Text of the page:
“We have also taken steps toward becoming a GOTS-certified brand,” the company stated, noting that the initial stage will involve GOTS labeling at the product level in its online shop.
Many of the company’s goals to reduce greenhouse gas (GHG) emissions and gather actual data are in progress. Nudie is currently mapping and offsetting its GHG emissions, and is beginning work to set science-based targets to reduce GHG by 2023. To achieve these goals, the brand is looking into investing in a biogas production project and a wind power project that creates renewable energy.
“By creating a baseline based primarily on actual data instead of generic data, we hope to be able to see the real changes we are working toward in our supply chain reflected in the numbers moving forward,” the company stated in the report.
The company also plans to decrease emissions from business travel by 20 percent by 2020—a reduction that may come sooner as business increasingly becomes digital during the pandemic.
Developing and adapting the concept of living wages at Nudie’s different suppliers is in progress as well. Since 2013, the company has been paying a share of living wages for products at one of its Indian suppliers, and since 2016, just over 3,400 workers have received an additional amount from Nudie Jeans as a step toward increasing wages at selected suppliers, the report stated.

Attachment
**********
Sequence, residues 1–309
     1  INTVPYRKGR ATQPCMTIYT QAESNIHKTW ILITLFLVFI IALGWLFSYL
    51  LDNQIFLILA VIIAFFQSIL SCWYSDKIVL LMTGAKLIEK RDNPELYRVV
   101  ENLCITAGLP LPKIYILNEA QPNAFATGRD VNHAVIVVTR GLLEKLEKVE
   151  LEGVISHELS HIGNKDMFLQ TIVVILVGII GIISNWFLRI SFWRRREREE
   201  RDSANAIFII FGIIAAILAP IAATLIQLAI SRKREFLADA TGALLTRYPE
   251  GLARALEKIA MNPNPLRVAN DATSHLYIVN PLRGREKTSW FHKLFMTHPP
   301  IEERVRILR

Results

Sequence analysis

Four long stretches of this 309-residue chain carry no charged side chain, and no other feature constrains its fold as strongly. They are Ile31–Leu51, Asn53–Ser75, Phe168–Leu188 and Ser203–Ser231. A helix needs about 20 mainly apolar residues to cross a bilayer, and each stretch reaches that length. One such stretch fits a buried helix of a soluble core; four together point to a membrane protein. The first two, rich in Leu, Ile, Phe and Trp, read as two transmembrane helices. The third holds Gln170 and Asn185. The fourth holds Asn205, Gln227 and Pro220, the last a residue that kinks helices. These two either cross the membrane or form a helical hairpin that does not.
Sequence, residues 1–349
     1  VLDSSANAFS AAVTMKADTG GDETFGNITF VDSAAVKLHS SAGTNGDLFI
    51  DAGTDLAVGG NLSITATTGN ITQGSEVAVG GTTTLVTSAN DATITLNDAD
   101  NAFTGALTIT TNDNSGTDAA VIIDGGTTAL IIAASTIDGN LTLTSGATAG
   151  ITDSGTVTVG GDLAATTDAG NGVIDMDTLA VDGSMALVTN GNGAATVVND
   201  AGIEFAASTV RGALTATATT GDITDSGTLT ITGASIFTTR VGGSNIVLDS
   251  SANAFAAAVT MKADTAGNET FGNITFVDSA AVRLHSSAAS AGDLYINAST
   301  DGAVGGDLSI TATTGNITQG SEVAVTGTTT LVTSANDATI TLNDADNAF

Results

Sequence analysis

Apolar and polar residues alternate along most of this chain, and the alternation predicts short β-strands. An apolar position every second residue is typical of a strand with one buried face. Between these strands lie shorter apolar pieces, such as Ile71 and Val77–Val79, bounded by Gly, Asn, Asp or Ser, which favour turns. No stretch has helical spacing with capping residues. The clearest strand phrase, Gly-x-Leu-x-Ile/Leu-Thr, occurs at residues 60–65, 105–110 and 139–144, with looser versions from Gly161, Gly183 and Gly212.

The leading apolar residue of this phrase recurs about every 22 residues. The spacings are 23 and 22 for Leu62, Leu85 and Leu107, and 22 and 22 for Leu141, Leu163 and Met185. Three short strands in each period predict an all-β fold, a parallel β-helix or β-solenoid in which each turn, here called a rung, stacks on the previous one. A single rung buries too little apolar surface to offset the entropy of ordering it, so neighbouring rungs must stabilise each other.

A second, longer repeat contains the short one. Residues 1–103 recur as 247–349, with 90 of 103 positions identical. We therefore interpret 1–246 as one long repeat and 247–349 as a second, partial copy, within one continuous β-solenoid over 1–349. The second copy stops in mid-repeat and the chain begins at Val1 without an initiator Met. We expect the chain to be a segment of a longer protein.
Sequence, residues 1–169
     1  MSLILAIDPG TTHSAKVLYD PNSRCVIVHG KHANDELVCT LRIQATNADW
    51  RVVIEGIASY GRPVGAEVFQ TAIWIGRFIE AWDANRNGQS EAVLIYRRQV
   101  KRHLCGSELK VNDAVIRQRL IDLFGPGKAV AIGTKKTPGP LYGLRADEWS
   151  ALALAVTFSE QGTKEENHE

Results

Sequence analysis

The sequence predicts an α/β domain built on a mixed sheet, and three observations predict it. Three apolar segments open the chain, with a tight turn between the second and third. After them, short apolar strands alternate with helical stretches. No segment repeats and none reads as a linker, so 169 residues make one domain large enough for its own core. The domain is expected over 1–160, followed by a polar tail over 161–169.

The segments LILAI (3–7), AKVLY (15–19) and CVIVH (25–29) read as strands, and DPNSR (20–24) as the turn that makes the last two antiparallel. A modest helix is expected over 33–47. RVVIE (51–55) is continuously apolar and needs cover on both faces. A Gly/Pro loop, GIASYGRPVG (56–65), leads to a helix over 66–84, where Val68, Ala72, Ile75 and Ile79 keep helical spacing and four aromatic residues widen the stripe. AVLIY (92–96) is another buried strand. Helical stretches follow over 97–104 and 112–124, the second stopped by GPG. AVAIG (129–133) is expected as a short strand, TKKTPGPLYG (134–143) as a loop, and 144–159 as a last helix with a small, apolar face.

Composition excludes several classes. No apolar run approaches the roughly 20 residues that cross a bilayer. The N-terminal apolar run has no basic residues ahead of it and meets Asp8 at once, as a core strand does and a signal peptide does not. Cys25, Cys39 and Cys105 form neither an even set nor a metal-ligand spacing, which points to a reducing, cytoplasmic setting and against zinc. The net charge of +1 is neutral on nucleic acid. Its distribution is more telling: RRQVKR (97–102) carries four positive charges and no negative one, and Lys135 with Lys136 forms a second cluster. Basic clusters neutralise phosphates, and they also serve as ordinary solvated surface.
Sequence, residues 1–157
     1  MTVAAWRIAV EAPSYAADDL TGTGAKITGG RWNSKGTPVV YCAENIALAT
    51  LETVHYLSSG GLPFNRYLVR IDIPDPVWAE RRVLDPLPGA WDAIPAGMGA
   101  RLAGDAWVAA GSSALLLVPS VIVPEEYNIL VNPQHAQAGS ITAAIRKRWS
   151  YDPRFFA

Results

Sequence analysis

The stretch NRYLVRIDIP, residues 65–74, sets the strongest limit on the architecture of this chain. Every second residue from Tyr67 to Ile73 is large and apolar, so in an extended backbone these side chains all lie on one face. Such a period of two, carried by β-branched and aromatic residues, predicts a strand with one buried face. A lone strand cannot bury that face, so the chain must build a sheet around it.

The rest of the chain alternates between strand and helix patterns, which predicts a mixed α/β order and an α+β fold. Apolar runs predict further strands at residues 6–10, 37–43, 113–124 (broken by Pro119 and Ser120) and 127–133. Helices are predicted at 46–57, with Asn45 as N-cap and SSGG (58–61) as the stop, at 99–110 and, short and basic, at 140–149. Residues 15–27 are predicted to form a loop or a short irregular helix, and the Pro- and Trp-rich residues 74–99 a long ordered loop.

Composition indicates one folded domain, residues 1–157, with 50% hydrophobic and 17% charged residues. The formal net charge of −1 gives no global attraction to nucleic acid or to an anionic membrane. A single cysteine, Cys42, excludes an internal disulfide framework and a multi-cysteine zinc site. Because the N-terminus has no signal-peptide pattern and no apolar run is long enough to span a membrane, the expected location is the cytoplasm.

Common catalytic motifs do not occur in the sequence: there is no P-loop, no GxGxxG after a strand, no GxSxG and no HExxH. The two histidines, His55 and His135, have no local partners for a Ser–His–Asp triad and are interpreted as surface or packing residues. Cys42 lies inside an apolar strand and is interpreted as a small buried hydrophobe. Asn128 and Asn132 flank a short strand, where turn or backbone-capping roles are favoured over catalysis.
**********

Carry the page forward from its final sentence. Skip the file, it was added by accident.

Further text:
By 2022, Nudie aims to map the wage level at all of its main suppliers. By 2025, the goal is implement a living wage payment to all employees at all of Nudie’s main suppliers in “high-risk” countries.
Goals, data and claims, however, mean little without transparency. This year, Nudie plans to have its full supplier list available online. It will go a step further by 2021 when it provides 100 percent transparency of its suppliers at the product level in its online store.
“We believe that only by knowing all steps—from the cotton fields, fabric process, trims and laundries to the stitching processes and everything in between—will we be able to address non-compliance and take responsibility in our supply chain,” Sandya Lang, Nudie Jeans sustainability manager, stated in the report.
In the green
Nudie’s financial status for 2019 is an example of how sustainability and profitability can coexist in the denim industry. Total revenue for 2019 increased 9 percent compared to 2018.
In particular, direct-to-consumer is especially paying off for Nudie as it is a natural environment to tell the brand’s story. According to the report, 2019 was the first year when the company’s revenues in its own sales channels exceeded 50 percent of the total revenues in the group. While wholesale contributed 49 percent of sales, Nudie’s physical stores contributed 28 percent of total sales and its e-commerce generated 23 percent of total sales.
The majority of the brand’s sales take place in Europe. The rest is evenly divided among Asia, North America and Australia/New Zealand.
“At Nudie Jeans, we believe environmental and social responsibility can be combined with a profitable business. In recent years, we have invested significantly in the corporate group and as a result, we are well positioned for the future,” stated Malte Ramberg, Nudie Jeans CFO. “In 2019, we successfully managed to increase our revenue and profitability. Our strong balance sheet lets us invest further in our vision to become the most sustainable denim company in the world.”